Predators are perhaps our most accessible experience of the wild. To come upon a grizzly track is to experience the wild in a most intimate, carnal way, an experience that is marked by gross alterations in attention, perception, body language, body chemistry, and emotion. Which is to say you feel yourself as part of the biological order known as the food chain, perhaps even as part of a meal.
‘In Wildness is the Preservation of the World’ in The Abstract Wild by Jack Turner (2/5)
One of Turner’s themes is the contrast between the de-fanged nature we tend to experience in zones that have been mapped and signposted, criss-crossed with trails, described in guidebooks and furnished for recreation, versus the raw experience of actual wilderness.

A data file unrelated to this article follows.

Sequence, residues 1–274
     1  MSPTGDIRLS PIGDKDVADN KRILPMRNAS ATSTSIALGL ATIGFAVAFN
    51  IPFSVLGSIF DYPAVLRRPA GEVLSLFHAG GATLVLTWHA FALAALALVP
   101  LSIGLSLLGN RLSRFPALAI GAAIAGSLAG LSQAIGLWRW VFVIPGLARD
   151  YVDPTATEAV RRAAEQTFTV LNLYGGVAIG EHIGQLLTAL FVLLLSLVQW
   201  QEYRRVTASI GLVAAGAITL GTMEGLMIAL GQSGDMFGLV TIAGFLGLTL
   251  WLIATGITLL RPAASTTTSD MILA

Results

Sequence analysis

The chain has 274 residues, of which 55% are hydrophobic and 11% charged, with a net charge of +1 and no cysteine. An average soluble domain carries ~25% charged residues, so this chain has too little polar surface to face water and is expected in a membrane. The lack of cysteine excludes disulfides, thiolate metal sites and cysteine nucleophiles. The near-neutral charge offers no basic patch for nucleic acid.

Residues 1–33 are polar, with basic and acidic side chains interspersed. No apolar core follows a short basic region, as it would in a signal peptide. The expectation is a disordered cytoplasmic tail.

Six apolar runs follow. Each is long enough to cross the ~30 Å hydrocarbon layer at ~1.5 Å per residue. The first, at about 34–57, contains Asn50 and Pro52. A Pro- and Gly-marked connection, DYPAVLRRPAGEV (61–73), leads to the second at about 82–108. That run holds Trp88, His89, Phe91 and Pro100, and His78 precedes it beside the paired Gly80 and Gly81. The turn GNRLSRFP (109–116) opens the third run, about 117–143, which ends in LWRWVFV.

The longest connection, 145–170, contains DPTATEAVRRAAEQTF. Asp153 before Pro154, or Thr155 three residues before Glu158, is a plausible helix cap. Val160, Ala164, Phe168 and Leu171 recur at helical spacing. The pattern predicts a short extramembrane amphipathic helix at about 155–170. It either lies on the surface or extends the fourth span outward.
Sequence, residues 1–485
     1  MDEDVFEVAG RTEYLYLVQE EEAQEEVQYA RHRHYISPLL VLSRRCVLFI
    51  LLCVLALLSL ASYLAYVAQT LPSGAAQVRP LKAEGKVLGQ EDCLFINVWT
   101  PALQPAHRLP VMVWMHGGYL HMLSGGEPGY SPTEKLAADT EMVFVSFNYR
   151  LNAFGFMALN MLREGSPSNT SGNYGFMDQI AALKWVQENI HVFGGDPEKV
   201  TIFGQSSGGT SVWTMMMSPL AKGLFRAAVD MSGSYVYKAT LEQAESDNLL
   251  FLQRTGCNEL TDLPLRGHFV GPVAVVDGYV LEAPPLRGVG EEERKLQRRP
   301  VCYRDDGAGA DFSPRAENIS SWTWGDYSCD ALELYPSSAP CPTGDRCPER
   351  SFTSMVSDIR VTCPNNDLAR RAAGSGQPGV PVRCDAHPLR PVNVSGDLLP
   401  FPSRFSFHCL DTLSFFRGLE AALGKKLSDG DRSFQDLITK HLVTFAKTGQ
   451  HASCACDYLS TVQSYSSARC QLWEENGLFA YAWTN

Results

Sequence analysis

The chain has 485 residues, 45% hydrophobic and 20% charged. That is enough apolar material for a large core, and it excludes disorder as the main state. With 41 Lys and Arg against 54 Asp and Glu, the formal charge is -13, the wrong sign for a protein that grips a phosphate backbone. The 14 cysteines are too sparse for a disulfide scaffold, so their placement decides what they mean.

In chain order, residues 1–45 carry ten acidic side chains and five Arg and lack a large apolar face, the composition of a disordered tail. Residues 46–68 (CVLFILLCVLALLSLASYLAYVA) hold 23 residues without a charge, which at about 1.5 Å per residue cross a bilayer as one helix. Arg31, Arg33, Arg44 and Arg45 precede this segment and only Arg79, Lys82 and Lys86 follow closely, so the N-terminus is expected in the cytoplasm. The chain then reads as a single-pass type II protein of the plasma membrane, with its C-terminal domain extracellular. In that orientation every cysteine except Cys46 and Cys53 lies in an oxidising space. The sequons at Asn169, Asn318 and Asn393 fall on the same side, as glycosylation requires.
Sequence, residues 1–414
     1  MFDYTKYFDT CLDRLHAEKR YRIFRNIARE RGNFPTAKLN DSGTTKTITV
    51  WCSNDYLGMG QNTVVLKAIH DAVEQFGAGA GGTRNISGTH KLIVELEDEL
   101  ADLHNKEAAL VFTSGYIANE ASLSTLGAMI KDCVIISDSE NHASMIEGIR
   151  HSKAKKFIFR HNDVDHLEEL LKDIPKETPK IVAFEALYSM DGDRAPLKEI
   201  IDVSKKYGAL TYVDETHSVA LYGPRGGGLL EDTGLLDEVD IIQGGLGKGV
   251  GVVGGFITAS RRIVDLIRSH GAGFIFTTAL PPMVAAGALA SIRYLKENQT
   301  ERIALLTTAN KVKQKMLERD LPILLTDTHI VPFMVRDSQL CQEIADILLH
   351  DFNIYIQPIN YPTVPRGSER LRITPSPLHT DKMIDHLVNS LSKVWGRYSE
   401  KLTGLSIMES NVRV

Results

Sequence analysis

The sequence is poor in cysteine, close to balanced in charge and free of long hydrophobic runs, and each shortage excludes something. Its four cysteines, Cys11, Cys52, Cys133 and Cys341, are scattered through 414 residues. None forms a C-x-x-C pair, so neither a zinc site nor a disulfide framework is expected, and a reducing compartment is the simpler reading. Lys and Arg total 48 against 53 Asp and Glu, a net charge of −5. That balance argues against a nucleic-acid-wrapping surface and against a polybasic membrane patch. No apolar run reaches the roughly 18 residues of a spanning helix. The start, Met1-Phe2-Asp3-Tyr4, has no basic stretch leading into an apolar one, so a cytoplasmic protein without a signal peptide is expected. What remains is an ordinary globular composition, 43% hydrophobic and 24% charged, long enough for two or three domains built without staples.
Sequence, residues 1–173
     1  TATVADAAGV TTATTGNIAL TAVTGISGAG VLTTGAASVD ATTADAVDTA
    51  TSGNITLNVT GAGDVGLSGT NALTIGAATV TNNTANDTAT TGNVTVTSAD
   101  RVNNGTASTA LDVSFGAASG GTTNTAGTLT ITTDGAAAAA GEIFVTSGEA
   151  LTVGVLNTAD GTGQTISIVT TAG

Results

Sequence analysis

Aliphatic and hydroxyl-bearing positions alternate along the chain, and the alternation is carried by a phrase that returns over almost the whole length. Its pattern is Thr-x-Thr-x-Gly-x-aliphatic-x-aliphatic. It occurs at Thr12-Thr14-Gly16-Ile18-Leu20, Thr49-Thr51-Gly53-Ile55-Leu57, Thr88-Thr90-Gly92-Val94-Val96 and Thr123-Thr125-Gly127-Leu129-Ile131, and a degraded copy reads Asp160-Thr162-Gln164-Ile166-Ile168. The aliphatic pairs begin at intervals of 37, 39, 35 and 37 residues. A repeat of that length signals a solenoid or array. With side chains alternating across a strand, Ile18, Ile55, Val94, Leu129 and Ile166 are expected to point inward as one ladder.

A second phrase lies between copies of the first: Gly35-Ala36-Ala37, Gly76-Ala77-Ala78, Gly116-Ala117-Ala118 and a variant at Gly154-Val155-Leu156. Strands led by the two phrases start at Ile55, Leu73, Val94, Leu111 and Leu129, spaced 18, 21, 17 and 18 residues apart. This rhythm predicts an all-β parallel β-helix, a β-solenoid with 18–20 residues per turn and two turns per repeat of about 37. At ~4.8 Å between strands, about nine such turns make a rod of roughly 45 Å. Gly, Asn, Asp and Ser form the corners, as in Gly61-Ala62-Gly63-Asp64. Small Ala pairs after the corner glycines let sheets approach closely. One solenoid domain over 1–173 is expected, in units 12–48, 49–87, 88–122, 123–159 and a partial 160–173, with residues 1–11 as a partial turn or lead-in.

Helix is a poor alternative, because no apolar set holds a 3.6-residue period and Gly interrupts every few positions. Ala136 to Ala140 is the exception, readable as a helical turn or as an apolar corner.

When every moment potentially brings the bladder-sluicing realization that something deadly is watching you, then you know you’re in the real wild.
In ‘The Importance of Peacock’, Turner quotes Vietnam vet Doug Peacock on his first encounter with a grizzly:
The big bear stopped thirty feet in front of me. I slowly worked my hand into my bag and gradually pulled out the Magnum. I peered down the gun barrel into the dull red eyes of the huge grizzly. He gnashed his jaws and lowered his ears. The hair on his hump stood up. We stared at each other for what might have been seconds but felt like hours. I knew once again that I was not going to pull the trigger. My shooting days were over. I lowered the pistol. The giant bear flicked his ears and looked off to the side. I took a step backward and turned my head toward the trees. I felt something pass between us. The grizzly slowly turned away from me with grace and dignity and swung into the timber at the end of the meadow. . . . I felt my life had been touched by enormous power and mystery.